July 27, 1917
In the 21st century, news of bereavement is often shared via social media, but before the advent of such digital technology the local paper was the first port of call for those intent on broadcasting their loss.
When news of the death in action of J Hellaby reached the family home his brother ensured the Ashbourne Telegraph was informed in time for it to be included in that day’s edition.
“We regret to record the death in action of Signaller J Hellaby, of the Sherwood Foresters, intimation of which has been received by his brother, Mr R Hellaby this morning.
Signaller Hellaby was, before the war, employed by Mr T Edge, Dig Street, for several years, and he joined up in October 1914. He took part in the suppression of the Irish Rebellion, and was subsequently drafted out to France in September last, where he was killed on the 7th inst. He leaves a wife, but no family, and to her and other bereaved relatives the deepest sympathy is extended.”
Elsewhere on the page was a paragraph of news of Sergeant H Wibberley, who had been featured in the previous week’s edition. He had been promoted from Platoon Sergeant to Company Sergeant-Major. Wibberley, of Old Derby Road, Ashbourne, went out to France with the town’s Territorials.
Another convoy of wounded soldiers had arrived in Derby aboard a special train, arriving at the Midland Railway station at 10.30pm on the Monday night. There were 156 casualties, 100 of whom were taken to the Royal Infirmary and the others to Eggington Hall Hospital.
There was a detailed report of the Pedigree Stock sale held at Yeldersley Home Farm on behalf of Captain H FitzHerbert Wright MP. It was estimated there were a thousand people present, including the great and the good.
The star lot was Darlington Cranford 80th, a dairy cow, which fetched 450 guineas and was sold to Sir Gilbert Greenall. The article stated that the Yeldersley herd had one of the best milk records in the country.
Ashbourne was marking National Baby Week with a variety of events organised by the Ladies Committee, the first having taken place two weeks previously when a procession of Ashbourne children was held, followed by a an open air meeting in the grounds of Ashbourne Hall.
This week a ‘large and appreciative audience’ watched the film Motherhood, shown on Monday, Tuesday and Wednesday at the Ashbourne Empire.
A public meeting on Tuesday heard the chairman of the Urban Council, Mr H Coates say that infant mortality was a ‘serious menace to the nation’ and he had a message for parents.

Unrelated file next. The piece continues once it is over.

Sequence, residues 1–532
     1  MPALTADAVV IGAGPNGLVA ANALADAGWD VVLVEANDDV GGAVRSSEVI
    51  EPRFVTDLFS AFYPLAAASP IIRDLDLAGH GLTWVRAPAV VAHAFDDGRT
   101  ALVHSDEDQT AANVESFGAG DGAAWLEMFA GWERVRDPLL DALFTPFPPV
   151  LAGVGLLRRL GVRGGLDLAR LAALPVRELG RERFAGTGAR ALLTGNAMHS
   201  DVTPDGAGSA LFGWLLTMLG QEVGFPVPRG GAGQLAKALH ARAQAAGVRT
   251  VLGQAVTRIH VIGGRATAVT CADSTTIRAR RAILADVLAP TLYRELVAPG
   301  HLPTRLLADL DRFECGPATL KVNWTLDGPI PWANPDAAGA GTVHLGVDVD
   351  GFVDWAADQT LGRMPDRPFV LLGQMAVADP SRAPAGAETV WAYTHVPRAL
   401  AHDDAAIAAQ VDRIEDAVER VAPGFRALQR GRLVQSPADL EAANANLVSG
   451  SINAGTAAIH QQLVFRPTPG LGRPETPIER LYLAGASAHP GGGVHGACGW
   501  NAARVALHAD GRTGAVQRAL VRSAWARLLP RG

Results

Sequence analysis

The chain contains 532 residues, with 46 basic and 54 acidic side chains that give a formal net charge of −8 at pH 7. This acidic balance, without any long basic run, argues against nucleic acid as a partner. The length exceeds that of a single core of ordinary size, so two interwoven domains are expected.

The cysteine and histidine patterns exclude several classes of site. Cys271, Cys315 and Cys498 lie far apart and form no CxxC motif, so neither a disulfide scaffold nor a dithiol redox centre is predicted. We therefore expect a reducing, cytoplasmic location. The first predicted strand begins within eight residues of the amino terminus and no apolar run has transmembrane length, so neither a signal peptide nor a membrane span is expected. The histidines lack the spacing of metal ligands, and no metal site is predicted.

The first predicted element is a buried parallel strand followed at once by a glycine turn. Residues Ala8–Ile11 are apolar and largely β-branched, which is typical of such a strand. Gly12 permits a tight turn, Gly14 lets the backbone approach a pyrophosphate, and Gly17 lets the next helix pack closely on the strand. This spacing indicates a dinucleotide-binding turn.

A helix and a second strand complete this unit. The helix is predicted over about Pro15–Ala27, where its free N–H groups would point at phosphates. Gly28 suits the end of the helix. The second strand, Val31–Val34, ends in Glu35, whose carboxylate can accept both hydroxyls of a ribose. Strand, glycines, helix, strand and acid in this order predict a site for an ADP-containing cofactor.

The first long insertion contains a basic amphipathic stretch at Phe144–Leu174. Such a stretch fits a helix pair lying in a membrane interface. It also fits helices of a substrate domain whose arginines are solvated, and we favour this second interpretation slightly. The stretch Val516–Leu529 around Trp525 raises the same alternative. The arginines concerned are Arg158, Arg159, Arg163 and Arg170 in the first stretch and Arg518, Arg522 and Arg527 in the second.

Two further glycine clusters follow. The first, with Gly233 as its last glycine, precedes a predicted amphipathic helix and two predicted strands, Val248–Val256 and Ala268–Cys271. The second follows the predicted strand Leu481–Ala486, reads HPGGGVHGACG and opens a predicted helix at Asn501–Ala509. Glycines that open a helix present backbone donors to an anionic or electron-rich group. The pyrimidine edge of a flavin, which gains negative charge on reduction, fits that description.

“This great war had made it more and more incumbent upon them to nourish and safeguard their children and give them every chance to grow up to healthy manhood and womanhood.”
Miss Walmsley, the headmistress of the kindergarten school said that of every million children born in the country, 150,000 died before reaching their first birthday.
She added to the grim statistics by pointing out a further 150,000 died before the age of five and a further 130,000 were still born – a shocking three out of every seven babies never reaching adulthood.
She called for better education, better housing, and maternity and infant welfare centres; quite a progressive list of demands.
And she gained some support from an influential source, Dr Boswell, GP.
“He warmly endorsed Miss Walmsley’s remarks, adding that although the war was a terrible thing, they should remember that life itself was a fight from the very beginning.”
He called on fathers to take responsibility, with the mother, for training their children.
“He said it had always been his ambition to have attached to the hospital a Maternity Centre, and he hoped, in time, a Creche.”
And in an early example of healthy eating advice continued:
“The first and greatest enemy to life was dirt, and the second was wrong diet. From the cradle to the grave wrong diet killed more people than anything else.”
There was a poem printed on the front page of the paper, written by Edwin Hudson of Mayfield. It may not be of the quality of the celebrated war poets such as Wilfred Owen, but would likely have conveyed the sentiments of many of the paper’s readers.
Camp Time Recollections.
Three years have passed since when, with joy and laughter,
Our Terriers went to camp.
With no stray thought that war would follow after,
Their joyousness to damp.
Each greeted each on that fair Sunday morning,
The full-grown man and boy.
With ne’er a care beyond the fortnight’s training,
Their pleasure to alloy.
With contempt they treat the scornful wailing,
“These men will never fight.”
“England’s last hope” and “Saturday Soldier” hailing.
They met with gesture bright
For in their hearts they knew the pledge they’d taken,
Would some day be revealed.
That in the future slander would be shaken,
And truth be unconcealed.
Three weary years against the Kaiser’s boldest,
Have they endured the strain;
And none did yield from youngest to the oldest,
Nor shrink at death or pain.
Three years of active warfare long and dreary,
Exposed to rain and sun,
Yet though the fight is long and limbs are weary,
They rally and fight on.
Month after month on fields of France and Flanders,
Their ranks have thinner grown;
That homes on banks ‘tween which the Dove meanders,
May not be overthrown.
Now to the remnant left we send this greeting;
May heaven protect each one,
Wives, Children, Mothers, soon may you be meeting,
And lasting peace be won.
(Edwin Hudson, Mayfield 23.7.1917)
- My fellow researcher and former De Montfort University colleague John Dilley is conducting a similar real-time project with the Market Harborough Advertiser. Check out his Newspapers and the Great Warblog